Home—Online trading—Spread betting explained—Spread betting blog—The battle of the tramlines
Feb 13, 2013, 02:38
Posted byJohn C Burford
In recent posts on gold, I have shown how you can use the Fibonacci retrace levels combined with tramlines to plan many excellent trades. And since my last gold post on 6 February, there have been even more offerings!
Recall the hourly chart (below) from 6 February showing excellent tramlines.
I based the latest long entry at the $1,660 area as it came down to the lower tramline.
A move back up the resistance zone (pink bar) was an opportunity to take profit.
The upper tramline was missed, which is an early indication that the market was not strong enough to sustain the rally for much longer. This was likely to be a relief rally in an ongoing bear move.
(Click on the chart for a larger version)
A decisive break of the lower tramline would confirm this view.
Naturally, if I were still holding my long trade, I would be placing a protective stop at break-even.
So let’s see how the market developed:
Note that my lower tramline – parallel to the upper one, of course – passes right through the major low of the 4 January (purple arrow). This confirms I have a reliable pair of lines.
As I suspected, the rally did not last. On 7 February the market broke the lower tramline in a nasty spike and promptly recovered to move inside the trading channel.
As I never tire of saying, the gold market is full of spikes that can catch you out, so this event was not unexpected.
If you had placed a short order just underneath the tramline you would have been whipsawed. But don’t think ‘they’ are against you – every trader gets spiked occasionally.
The only advice I can offer is to keep watching for weakness, as this spike is a signal that the market probably wants to move lower.
A more secure entry point is the area of the pink bar, but you would be giving up a lot of potential profit.
Let’s go back to the daily chart for perspective:
I can now re-draw my tramlines slightly to include the recent highs on the upper tramline.
This week saw a break of the minor low (pink bar), and this indicates the market’s next direction is probably down.
If the tramlines are still operating, the next target is on or near the lower tramline in the region of the blue bar under $1,600.
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Let’s now go back to the hourly chart for clues as to the near-term direction:
Right on cue, the decline stopped at the third tramline with an overshoot.
Having hit a tramline, this is the moment of truth.
A resumption of the decline would propel the market towards my target, while a relief rally here would run into considerable overhead resistance.
So the odds favour a test at least of yesterday’s $1,640 lows.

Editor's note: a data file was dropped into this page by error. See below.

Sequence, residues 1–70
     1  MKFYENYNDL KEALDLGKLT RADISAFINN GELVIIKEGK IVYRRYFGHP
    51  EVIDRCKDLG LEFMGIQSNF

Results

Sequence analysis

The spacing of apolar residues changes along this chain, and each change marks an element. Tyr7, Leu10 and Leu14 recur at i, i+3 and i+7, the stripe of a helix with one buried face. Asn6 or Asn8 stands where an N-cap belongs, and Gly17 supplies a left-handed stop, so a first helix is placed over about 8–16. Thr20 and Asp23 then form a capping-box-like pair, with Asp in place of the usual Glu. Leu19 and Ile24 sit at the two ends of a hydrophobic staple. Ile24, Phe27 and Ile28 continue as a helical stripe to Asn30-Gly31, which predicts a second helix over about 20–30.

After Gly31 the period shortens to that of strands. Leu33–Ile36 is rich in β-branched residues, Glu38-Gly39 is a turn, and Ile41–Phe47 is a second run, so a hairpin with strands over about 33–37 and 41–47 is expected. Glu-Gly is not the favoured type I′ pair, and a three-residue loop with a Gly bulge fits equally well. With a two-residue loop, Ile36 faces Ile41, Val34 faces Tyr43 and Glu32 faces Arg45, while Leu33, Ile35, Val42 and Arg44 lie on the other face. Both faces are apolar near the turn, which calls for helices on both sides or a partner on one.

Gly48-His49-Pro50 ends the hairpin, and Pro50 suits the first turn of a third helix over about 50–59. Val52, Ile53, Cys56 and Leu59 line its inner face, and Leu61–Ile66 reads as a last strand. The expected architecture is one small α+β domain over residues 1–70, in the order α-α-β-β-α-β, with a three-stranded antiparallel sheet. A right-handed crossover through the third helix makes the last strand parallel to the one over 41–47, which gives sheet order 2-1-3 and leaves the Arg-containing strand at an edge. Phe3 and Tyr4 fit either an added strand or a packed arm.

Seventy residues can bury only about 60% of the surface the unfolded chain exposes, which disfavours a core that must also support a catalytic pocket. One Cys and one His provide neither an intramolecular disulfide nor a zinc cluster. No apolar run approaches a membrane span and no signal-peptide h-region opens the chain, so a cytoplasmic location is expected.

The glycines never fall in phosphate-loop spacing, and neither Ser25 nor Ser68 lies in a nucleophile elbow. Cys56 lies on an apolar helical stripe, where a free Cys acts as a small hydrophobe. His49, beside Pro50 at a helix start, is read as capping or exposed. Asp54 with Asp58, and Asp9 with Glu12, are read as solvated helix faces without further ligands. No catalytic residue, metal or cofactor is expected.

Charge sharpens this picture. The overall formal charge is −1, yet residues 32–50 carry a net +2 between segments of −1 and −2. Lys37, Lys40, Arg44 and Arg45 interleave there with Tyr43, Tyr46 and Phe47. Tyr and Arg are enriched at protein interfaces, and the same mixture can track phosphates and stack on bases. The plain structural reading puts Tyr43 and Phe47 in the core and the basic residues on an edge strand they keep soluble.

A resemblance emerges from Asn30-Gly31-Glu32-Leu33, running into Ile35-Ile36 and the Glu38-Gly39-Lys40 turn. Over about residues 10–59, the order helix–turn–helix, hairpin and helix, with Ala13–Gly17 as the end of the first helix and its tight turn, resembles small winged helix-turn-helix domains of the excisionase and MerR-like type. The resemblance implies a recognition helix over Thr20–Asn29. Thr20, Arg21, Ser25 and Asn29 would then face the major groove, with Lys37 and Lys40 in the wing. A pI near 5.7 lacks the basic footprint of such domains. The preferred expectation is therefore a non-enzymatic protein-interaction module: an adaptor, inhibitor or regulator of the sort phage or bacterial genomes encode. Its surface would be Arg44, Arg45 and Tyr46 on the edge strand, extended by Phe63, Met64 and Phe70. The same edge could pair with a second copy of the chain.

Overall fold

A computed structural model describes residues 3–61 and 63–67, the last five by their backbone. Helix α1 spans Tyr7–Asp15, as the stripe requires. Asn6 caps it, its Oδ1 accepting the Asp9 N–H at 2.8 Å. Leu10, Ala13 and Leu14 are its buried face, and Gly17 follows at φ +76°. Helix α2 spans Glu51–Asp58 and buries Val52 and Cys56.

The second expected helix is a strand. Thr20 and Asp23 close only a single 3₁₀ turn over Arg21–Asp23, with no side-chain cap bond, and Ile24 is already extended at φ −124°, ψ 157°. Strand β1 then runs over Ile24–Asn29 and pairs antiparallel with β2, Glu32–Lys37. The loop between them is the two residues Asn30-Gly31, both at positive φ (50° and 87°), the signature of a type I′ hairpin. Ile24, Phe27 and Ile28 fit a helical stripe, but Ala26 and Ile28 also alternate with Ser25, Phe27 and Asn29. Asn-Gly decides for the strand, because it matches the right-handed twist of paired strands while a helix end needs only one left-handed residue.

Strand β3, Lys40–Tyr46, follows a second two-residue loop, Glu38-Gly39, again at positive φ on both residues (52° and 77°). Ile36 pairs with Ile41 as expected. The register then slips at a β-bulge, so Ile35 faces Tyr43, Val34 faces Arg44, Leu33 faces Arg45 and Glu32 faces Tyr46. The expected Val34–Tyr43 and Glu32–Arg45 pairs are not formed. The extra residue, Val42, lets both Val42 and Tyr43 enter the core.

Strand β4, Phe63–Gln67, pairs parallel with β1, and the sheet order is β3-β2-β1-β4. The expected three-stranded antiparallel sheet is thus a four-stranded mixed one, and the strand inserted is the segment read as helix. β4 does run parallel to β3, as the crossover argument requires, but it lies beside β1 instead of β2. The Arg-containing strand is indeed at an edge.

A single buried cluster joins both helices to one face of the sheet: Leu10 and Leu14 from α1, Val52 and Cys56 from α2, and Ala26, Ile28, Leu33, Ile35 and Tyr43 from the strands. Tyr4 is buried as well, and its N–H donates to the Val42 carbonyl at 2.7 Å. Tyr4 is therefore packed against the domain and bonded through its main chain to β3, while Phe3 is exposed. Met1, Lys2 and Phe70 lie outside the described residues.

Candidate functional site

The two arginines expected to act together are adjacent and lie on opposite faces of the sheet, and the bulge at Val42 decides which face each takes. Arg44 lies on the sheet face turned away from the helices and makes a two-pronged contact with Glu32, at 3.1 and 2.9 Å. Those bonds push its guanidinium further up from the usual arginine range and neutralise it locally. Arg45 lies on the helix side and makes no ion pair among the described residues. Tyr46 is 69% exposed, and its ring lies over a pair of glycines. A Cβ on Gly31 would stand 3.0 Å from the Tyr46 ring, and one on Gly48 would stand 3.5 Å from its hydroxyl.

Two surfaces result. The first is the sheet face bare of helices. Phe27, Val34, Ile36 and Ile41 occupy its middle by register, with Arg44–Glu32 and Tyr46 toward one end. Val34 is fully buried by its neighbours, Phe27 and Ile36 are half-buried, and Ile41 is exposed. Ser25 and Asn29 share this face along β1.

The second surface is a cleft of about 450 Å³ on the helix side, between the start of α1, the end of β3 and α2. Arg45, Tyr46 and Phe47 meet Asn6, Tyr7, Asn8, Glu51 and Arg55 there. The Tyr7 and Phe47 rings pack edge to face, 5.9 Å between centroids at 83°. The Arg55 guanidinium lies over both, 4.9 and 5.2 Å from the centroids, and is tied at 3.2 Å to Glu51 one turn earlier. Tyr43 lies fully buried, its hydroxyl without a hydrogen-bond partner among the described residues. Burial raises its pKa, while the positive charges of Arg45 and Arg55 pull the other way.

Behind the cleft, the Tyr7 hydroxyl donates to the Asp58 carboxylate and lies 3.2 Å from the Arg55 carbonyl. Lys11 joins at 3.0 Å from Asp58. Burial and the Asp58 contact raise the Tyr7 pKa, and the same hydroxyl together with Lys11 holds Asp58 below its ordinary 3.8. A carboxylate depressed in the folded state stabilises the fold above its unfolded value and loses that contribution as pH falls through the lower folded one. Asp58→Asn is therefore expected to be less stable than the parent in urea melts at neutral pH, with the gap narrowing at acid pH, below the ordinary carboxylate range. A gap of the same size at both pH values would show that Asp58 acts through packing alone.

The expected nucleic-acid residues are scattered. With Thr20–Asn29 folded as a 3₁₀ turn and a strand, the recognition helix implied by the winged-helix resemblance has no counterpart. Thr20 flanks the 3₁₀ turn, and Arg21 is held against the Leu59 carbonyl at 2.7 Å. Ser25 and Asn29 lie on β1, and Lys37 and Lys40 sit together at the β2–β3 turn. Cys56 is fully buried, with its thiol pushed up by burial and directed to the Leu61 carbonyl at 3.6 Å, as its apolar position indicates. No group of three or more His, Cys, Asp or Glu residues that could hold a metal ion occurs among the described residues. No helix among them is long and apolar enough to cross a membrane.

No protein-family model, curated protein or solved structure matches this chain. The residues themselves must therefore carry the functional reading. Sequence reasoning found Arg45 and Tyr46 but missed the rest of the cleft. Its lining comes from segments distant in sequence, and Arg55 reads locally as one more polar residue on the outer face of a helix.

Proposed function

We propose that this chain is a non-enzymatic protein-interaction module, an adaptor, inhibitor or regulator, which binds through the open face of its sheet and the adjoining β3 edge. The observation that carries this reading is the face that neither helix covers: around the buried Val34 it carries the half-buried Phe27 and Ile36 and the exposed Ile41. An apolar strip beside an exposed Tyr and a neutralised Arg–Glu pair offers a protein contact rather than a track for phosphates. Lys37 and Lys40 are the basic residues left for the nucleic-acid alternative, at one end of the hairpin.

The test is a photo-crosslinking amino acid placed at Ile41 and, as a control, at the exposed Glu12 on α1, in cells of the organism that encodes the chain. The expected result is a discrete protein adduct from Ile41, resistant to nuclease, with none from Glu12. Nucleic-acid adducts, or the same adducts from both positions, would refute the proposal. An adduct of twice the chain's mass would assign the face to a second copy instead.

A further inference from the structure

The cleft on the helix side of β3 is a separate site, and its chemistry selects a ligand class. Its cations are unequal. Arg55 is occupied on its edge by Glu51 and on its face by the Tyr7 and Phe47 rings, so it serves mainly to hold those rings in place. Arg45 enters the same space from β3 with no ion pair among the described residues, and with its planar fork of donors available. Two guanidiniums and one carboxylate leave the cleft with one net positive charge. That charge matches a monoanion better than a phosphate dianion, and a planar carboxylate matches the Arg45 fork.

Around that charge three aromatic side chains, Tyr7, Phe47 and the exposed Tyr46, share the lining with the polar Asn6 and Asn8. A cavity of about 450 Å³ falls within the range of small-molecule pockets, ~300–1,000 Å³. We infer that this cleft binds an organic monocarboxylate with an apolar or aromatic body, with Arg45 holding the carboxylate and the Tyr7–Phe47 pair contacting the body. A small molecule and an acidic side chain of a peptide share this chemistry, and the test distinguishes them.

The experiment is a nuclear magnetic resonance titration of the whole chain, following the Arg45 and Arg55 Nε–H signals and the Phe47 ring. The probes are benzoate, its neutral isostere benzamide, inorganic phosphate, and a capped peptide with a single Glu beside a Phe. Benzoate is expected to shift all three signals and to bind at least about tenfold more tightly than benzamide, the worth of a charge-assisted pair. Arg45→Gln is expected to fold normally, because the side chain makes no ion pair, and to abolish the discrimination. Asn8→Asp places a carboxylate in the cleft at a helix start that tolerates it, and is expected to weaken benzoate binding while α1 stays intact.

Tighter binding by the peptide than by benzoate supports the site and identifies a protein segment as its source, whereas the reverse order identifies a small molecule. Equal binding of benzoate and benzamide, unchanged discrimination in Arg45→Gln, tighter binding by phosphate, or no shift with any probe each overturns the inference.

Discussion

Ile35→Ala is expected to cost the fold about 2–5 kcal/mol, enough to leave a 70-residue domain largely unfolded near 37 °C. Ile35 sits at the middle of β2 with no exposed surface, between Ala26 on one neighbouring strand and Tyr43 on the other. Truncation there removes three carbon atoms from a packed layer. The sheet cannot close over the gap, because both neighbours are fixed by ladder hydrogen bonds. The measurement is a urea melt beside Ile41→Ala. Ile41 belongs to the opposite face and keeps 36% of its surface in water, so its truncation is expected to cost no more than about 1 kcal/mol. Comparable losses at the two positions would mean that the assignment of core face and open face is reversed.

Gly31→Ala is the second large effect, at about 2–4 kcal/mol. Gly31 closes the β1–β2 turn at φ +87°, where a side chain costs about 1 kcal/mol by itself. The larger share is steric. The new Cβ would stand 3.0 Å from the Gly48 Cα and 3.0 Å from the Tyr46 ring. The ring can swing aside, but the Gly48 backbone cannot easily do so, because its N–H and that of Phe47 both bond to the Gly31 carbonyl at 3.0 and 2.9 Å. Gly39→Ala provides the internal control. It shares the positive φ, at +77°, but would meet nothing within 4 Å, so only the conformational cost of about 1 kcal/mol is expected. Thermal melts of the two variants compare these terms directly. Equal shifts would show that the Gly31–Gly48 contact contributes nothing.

Now I have a series of lower highs, can I draw in a down-sloping tramline pair?
I certainly can! I do like the lower line, as it catches both major lows.
Now, this throws up an interesting question. If the new (red) tramlines take precedence, the target is near the upper red line in the blue zone (or slightly to the right) around $1,670.
So, this is a battle of the tramlines!
The near-term trend is down and so this has the edge, so far.
But with trader sentiment having taken a big knock in recent weeks – professionals’ bullish sentiment dropped to 10% – I am not ruling the rally scenario out.
All of this means I am on the sidelines, watching for another trading opportunity.
• If you’re a new reader, or need a reminder about some of the methods I refer to in my trades, then do have a look at my introductory videos:
The essentials of tramline trading
Advanced tramline trading
An introduction to Elliott wave theory
Advanced trading with Elliott waves
Trading with Fibonacci levels
Trading with 'momentum'
Putting it all together
• Don't miss my next trading insight. To receive all my spread betting blog posts by email, as soon as I've written them, just
sign up here
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Published in Spread betting blog
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Leave a comment
(13 February 2013, 05:56PM)
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Thanks John very interesting re: Tramlines helping with trading
(26 February 2013, 04:11PM)
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John I like your reasonings and the resulting actions which are based on your charting experience. I use Sharescope because of its excellent charting package. Do you ever use the MACD indicators to aid in the turning of a trend?
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The trades on this blog are all 'closed', past trades. These aren't trades for you to copy, they are there to teach you some useful trading tactics for your own spread betting. And always remember: spread betting carries a high risk to your capital as you can lose more than your original stake.
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